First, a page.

Reflections on Researching and Living in Bali

By Thomas Wright, PhD Candidate: Anthropology, University of Queensland, Brisbane, Australia

Thomas Wright (left) in a tourism seminar at Udayana Uniersity.

In 2014 I was lucky enough to begin planning my PhD journey of researching and living in Bali. Where would I go? Who would I meet? What things would I see?

It was via a friend I was introduced to Professor I Nyoman Darma Putra, Head of Masters Program in Tourism Studies at Universitas Udayana and fellow alumni of the University of Queensland. Over sweetened, black coffee, we sat together on the St Lucia Campus of the University of Queensland in Brisbane, Australia where Professor Putra finished his PhD himself a few years previously, and discovered our shared passion for journalism, marine environments, Indonesia and Australia.

Little did I know at this time that our journey would bring us closer together and that Professor Darma would sponsor my research in Bali. After arriving in Bali nearly a year later, I studied Bahasa Indonesia at Universitas Udayana, Fakultas Sastra,  through the BIPA Program and attended several seminars and workshops at Udayana, hosted by the Faculty of Tourism.

This included foreign Professors, experts on Bali and Indonesia such as Professor Thomas Reuter, Dr Graeme MacRae and Dr Paul Green. Professor Putra and I developed a friendship over the time, as he welcomed me greatly, by inviting me to events on and off-campus. He even showed me the great honour of inviting me to his grandson’s otonan at his house in Denpasar.


My academic research was also published in the Jurnal Kajian Bali (Journal of Bali Studies) in an article called “Water, Tourism and Social Change: A discussion of Environmental Perceptions in Bali”, and later integrated as chapter in a book edited by Professor Putra and Dr.Siobhan Campbell entitled: Recent Developments in Bali Tourism: Culture, Heritage and Landscape in an Open Fortress (2015).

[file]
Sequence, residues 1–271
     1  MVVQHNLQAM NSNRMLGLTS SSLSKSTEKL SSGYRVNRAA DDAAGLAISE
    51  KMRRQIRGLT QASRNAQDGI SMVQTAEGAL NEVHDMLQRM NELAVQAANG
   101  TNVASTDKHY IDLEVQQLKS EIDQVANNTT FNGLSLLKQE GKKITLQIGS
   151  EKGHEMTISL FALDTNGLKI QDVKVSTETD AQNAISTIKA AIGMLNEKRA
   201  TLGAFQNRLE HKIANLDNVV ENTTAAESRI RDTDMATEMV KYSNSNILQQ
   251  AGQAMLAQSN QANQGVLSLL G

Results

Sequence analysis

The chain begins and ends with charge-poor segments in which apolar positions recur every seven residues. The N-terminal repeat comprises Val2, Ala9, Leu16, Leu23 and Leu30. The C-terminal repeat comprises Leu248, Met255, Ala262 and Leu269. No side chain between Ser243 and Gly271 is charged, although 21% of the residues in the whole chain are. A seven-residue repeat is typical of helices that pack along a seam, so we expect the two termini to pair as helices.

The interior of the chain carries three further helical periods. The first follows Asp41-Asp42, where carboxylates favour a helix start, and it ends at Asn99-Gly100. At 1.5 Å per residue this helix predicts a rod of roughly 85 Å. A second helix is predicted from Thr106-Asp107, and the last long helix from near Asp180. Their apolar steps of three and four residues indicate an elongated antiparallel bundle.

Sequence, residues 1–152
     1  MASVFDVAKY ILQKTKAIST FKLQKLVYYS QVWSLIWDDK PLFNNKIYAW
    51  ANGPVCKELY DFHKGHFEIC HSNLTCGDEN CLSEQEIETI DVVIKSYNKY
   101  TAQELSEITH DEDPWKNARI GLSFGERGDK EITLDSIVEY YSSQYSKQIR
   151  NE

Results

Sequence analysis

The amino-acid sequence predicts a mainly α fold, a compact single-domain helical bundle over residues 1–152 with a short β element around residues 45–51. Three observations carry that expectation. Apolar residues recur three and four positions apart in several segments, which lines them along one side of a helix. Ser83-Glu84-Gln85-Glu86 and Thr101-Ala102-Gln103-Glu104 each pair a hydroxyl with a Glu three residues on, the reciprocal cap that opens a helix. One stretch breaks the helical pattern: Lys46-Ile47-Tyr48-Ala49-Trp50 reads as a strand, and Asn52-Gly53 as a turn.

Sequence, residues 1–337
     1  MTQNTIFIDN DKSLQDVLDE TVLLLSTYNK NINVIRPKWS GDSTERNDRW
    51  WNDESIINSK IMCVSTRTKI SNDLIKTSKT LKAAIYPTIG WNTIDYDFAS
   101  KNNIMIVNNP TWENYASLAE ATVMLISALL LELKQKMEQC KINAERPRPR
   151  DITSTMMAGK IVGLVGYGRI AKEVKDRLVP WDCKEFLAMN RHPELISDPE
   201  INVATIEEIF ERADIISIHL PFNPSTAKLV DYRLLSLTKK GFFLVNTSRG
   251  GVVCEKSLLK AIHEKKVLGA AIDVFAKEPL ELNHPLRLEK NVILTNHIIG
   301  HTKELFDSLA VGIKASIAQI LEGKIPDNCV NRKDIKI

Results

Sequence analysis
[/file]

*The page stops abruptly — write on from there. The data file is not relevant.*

Towards the end of my one year stay in Bali in July 2016, before returning home to Australia, it was my time to share my research project with the Udayana community. The one hour-long seminar was well attended and students and staff engaged in a lively discussion on the topic of marine tourism, Bali Hindu relationships to water and sustainable resource management.

Amazing Experience

Living and working in Bali was an amazing and life-changing experience for me. From climbing Gunung Batur, Gunung Agung, freediving in Amed, relaxing on Gili T or surfing in Canggu, Bali let me into its stunning natural beauty. But what I remember the most are the wonderful people I met throughout the journey. Neighbours, strangers and colleagues became friends.

Thomas with a layman priest in a research activity,

Some of the memories I will hold forever are of the extravagant temple ceremonies, with its large sacrifices, music, smell, food and dance. Perhaps most captivating was seeing people fall in trance and how they became possessed by their ancestors or other spirits. These memories I keep with me as I continue my academic and personal journey.

It was not just rewarding on a person level, but I am excited to have met so many great academics at Udayana. Listening to students ask questions and engage with interest in discussions, was a great experience and I am grateful to have been part of such a lively academic exchange.